were at stake. The choice of company and the haste with which
the deal was concluded gave the Committee real cause for concern.
We were also concerned by the Highways Agency's record
of forecasting the costs of road schemes.
It speaks for itself that the 36 completed schemes in the Agency's
Targeted Programme of Improvement cost 40% more than original
estimates. The Agency also depended far too much on external consultants
and we emphasised that it had to recruit and retain its won staff
with appropriate project management expertise and commercial skills.
And of course there is the Ministry of Defence. We
remain concerned by the mismanagement of technical and commercial
risks on the Astute submarine programme highlighted in the Major
and will be watching progress on the Trident replacement carefully.
Interests of the consumer
We can only truly judge whether all the expenditure
announced in the CSR is effectively used by assessing its impact
on the end user, who is very often the taxpayer him or her self.
The government's theme of Transformational Government
calls for public services to be designed around the needs of the
consumer not the provider. Unfortunately this was not the case
with the introduction of the new out of hours care system.
We found that the preparations for the switch, used by 9 million
patients a year, left much to be desired: the needs of patients
were not best served by the ending of Saturday morning surgeries;
access to advice and treatment has been difficult and slow; and
there was little clarity over whether the new service is meant
for urgent cases only or for any requests for help. The new service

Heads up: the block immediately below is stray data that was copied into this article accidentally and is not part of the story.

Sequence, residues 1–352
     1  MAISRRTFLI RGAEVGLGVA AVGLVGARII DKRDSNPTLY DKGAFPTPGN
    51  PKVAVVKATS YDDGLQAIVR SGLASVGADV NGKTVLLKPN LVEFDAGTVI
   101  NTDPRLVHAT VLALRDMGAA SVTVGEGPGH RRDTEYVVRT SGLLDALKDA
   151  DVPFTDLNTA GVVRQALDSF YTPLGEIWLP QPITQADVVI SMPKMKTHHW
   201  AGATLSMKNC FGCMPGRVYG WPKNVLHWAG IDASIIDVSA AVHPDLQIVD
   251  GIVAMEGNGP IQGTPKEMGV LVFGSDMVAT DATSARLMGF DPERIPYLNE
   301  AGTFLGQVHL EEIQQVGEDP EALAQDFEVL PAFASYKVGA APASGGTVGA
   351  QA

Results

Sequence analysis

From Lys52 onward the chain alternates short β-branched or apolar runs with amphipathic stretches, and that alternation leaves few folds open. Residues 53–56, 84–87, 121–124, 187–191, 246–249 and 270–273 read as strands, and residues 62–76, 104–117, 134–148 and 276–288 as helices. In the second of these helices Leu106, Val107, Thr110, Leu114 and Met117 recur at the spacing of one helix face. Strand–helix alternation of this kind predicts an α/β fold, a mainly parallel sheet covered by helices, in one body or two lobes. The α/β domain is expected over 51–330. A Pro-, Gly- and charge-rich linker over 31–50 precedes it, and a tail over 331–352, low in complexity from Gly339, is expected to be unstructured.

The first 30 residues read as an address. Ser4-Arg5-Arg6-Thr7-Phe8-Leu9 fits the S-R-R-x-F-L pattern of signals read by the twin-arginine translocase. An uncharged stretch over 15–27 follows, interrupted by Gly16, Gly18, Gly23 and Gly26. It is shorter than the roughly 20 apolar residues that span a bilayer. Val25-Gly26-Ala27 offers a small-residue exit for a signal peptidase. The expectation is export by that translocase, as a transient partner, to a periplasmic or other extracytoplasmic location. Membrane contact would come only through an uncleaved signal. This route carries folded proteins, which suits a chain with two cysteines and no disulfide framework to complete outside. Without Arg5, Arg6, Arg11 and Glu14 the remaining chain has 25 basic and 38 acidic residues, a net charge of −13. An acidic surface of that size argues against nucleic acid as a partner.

is getting better, but it is costing around £70 million more
than expectedthe very last thing primary care trusts wanted.
On a more positive note, we returned in this period
to the issue of tackling pensioner poverty by encouraging take-up
of entitlements. We were pleased to note that the DWP are making
good progress in encouraging pensioners to claim the Pension Credit
to which they are entitled.
But there are still billions of pounds lying unclaimed in the
Treasury, rather than being distributed to pensioners. Shared
targets for the different agencies involved might help; allowing
pensioners to claim linked benefits through a single transaction
could help; focusing effort where we know take-up is poorer would
The Committee's Recommendations
A particular strength of the PAC is that more than
90% of its Recommendations are accepted by the Government departments
concerned. There are a number of reasons for this. We do not cover
policy issues; we work on the basis of reports from the NAO that
have already been agreed with the Department; and most of our
Recommendations are simply commons sense. Perhaps even more significant
is that work by the NAO demonstrates that more than 90% of Recommendations
accepted are indeed implemented by departments. Members of the
Committee are rightly concerned when we come across cases where
departments have failed to put into practice improvements we have
pointed out. We frequently revisit cases we have examined to see
what progress is being made. Examples from last year which we
shall follow up in 2008 are the NHS IT system and the Rural Payments